This would probably not be a drunk driving offense.
Under the UK "drunk in charge of a motor vehicle" law:
How is “in charge” defined?
There is no definition of “in charge” and the courts have been keen to
avoid an all-embracing test.
In determining if a person is in charge the court will consider:
Whether he was in the vehicle, if so where, or how far he was from it;
What he was doing at the time;
Whether he was in possession of the key for the ignition;
Whether there was any evidence of an intention to take some form of
control of the vehicle;
Whether any person was in or near the vehicle and if so the
particulars of that person.
You could also be prosecuted if you are found in the passenger seat or
the back seats. You do not have to be sitting in the driver’s seat to
be considered “in charge”.
However those that own or lawfully are in possession of the vehicle or
have recently driven it are deemed to remain in charge unless it can
that they had put the vehicle into someone else’s charge
or can establish that they had ceased to be in control AND there was
no realistic prospect of resuming control whilst unfit.
Are there defences available?
The law states that someone cannot be convicted of an “in charge”
offence if they can prove there was no intention and / or likelihood
of the vehicle being driven whilst the driver was over the prescribed
Unlike many other offences, with the offence of being drunk in charge,
the accused must prove that they did not have any intention to drive
the vehicle. The prosecution is not required to prove that the accused
was likely to drive whilst unfit or over the limit.
A defence is available if it can be shown that there was no likelihood
of driving whilst over the prescribed limit and doing this should be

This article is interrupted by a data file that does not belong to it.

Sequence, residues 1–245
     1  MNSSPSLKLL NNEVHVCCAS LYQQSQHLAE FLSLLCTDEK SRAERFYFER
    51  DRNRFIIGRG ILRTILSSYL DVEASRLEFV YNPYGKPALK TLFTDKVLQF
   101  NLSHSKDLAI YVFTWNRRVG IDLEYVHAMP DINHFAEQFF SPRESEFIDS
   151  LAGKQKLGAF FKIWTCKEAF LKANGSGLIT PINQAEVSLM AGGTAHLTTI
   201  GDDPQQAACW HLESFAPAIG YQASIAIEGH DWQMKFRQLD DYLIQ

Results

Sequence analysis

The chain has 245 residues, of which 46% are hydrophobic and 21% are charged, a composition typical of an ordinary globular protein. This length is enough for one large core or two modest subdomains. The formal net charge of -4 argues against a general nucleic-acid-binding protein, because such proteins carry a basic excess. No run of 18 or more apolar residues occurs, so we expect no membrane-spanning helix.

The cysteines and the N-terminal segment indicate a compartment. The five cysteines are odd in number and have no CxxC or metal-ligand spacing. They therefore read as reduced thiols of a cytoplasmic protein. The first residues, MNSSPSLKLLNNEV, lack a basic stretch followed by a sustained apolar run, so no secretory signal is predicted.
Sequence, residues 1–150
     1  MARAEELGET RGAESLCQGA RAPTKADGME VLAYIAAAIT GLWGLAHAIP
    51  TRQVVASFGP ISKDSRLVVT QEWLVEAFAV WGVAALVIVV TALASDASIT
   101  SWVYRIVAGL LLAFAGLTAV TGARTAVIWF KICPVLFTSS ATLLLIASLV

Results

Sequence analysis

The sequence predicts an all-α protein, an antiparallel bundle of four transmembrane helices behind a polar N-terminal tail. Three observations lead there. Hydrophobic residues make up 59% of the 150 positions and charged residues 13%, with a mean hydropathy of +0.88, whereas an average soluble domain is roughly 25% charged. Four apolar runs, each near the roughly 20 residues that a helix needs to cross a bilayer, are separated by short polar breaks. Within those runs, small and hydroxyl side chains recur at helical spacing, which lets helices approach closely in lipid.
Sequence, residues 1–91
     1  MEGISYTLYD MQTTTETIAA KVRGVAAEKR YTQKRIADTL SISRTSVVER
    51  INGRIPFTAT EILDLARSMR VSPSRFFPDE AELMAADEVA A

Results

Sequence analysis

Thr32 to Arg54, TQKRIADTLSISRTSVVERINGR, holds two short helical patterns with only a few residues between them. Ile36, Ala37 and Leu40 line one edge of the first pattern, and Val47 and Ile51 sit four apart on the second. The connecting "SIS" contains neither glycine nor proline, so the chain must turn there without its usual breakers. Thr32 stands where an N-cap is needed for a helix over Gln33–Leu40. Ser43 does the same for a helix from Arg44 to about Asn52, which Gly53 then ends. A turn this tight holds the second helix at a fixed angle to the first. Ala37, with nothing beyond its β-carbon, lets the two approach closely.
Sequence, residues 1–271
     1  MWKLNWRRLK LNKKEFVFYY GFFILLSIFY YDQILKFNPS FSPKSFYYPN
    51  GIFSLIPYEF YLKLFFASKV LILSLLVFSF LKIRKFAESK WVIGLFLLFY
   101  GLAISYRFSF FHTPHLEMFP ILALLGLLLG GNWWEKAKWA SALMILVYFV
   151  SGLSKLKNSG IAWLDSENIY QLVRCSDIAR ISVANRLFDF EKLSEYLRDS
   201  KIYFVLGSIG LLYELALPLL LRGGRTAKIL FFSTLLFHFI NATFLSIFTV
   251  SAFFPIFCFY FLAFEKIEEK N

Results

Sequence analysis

established by expert scientific evidence or compelling circumstantial
evidence. These defences are known as “statutory defences”.
Section 5 of the Road Traffic Act 1988 states:
“The defendant must prove that it was more likely than not that he had no intention of driving whilst the level of alcohol in his breath,
blood or urine remained above the prescribed limit in which case, he
is not considered to be in charge”.
Our question is, if you "leave the keys on the front seat, the engine off and get in the back to sleep it off, would they have comitted an offense?"
Since the person in the question had an intent to "sleep it off" rather than to operate the car while under the influence, he (or she) has not committed an offense. The burden of proof would be on him (or her) to establish that intent, but sleeping in the backseat with the engine off and the keys out of the ignition in the front seat, would be pretty compelling circumstantial evidence of a lack of an intent to operate the car while under the influence.
There might also very well be a local ordinance prohibiting sleeping in a car in a particular place, but it wouldn't be a traffic violation.